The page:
H. Rick Bamman - hbamman@shawmedia.com
Brian Urlacher calls a defensive play in the first half against the Panthers Sunday, October 28, 2012.
H. Rick Bamman - hbamman@shawmedia.com Brian Urlacher calls a defensive play in the first half against the Panthers Sunday, October 28, 2012. — H. Rick Bamman

Make no mistake about it: Brian Urlacher will be voted into the Hall of Fame.

But it’s possible it might not be this year.

It should happen this year, but that’s the admittedly biased opinion of someone who covered each of the 182 games Urlacher played for the Chicago Bears.

Urlacher finished in the top 20 of the NFL in solo tackles eight times in his 13 seasons. More importantly, especially to him, was that his team finished in the top five in fewest points allowed five times. And he was the most dominant player on those teams. The Bears also finished in the top five in yards allowed three times with Urlacher at middle linebacker, and the team accomplishments were what mattered most to him.

Urlacher was always reluctant to talk about himself or accept individual accolades, but he was eager to spread the praise to his teammates.

He was the 2000 Defensive Rookie of the Year after the Bears drafted him ninth overall out of New Mexico. But, early in his career, he was clearly uncomfortable when reporters would swarm him at the exclusion of older teammates.

He became the 2005 Defensive Player of the Year and an eight-time Pro Bowl pick who was first team All-Pro four times. But numbers and awards are just part of what elevated Urlacher into the same discussion as the three Bears Hall of Fame middle linebackers who preceded him – Bill George, Dick Butkus and Mike Singletary.

Urlacher was the key ingredient in head coach Lovie Smith’s Cover-2 defense.

The 6-foot-4, 258-pound tackling machine had the size and strength to take on offensive linemen, but he also possessed athleticism uncommon for a man of his size. That gave Urlacher the agility and range to drop into coverage in passing situations, covering much of the underneath middle of the field and closing the passing windows between himself and the safeties.

Another future Hall of Famer, Dallas Cowboys tight end Jason Witten paid a team guy like Urlacher the ultimate compliment.

"Brian was such a unique player," Witten told the Bears’ website. "People probably don't give him enough credit because there was so much talk about the system. But in a lot of ways he really made that system. With Cover-2, he could stretch the field, but he could also come up and make the tackle.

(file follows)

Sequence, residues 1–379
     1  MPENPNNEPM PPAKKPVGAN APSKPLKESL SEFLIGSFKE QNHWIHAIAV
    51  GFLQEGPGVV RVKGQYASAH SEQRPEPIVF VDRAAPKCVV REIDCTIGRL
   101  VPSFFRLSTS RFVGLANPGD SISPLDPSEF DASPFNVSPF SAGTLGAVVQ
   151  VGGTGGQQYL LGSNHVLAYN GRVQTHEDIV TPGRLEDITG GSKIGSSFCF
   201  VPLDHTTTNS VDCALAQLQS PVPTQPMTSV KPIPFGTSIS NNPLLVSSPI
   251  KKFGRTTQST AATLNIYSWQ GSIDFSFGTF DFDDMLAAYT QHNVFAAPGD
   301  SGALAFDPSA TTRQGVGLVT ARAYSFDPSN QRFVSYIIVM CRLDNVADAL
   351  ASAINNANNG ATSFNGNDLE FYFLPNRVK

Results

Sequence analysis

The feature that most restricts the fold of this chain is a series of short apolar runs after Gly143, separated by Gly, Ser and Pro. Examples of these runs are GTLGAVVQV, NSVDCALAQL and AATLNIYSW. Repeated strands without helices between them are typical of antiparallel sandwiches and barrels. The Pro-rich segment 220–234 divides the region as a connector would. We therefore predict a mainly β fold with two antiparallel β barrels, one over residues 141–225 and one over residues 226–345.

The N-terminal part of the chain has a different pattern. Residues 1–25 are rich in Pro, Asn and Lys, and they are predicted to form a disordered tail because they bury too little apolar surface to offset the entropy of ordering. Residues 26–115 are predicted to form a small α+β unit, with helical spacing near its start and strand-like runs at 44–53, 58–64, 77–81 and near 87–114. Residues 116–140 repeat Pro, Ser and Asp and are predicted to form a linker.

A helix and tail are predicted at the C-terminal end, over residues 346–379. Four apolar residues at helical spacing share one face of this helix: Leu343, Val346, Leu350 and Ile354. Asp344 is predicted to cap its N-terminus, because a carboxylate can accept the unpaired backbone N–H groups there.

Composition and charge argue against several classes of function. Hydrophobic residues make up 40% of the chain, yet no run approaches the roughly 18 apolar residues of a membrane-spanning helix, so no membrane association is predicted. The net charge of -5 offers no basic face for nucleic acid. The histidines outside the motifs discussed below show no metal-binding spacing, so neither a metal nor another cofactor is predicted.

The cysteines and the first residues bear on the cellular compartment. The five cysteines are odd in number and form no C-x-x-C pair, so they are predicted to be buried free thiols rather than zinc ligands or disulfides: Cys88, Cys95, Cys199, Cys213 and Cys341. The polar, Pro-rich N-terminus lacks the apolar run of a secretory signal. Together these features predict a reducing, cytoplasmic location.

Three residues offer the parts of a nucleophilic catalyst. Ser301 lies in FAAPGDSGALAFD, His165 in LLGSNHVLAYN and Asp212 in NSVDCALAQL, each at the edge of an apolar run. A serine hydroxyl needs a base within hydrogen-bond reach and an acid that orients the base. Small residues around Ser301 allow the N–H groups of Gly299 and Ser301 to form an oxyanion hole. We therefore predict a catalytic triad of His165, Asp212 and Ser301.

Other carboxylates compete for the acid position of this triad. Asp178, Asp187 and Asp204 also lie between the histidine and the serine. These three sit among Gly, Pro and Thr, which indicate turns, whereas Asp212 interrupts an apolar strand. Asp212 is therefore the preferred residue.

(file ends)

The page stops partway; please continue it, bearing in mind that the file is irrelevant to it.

"It's been hard to see somebody duplicate what he did. Smart, intelligent, big, strong, fast, athletic. But really the most important thing I felt about him was he raised everybody else's game around him by the way he played, and that's the ultimate sign of a great player.”

Still, there is speculation that Urlacher could be overlooked Saturday because this is also the first year of eligibility for another middle linebacker, Ray Lewis, who is a lock based on 13 Pro Bowls and seven first-team All-Pro selections, among his many accomplishments.

Any debate on who was the better player misses the point. Both Urlacher and Lewis are more than worthy, and Kevin Mawae, a Hall of Fame finalist this year as well, says Urlacher was the more rugged linebacker. As an eight-time Pro Bowl center over a 16-year career, Mawae played against both middle linebackers.

"To me, Ray was all over the place -- an athletic guy, but he was not a downhill hitter,” Mawae said on the Talk of Fame Network. "He’s not taking on offensive linemen. He was a jump-around guy. Brian Urlacher, sideline to sideline ... could do it all ... just like Ray. But he was more of a physical player in the box against offensive linemen, and that’s just the way I view it.”

On Saturday, Urlacher will find out if enough Hall of Fame voters see it the same way.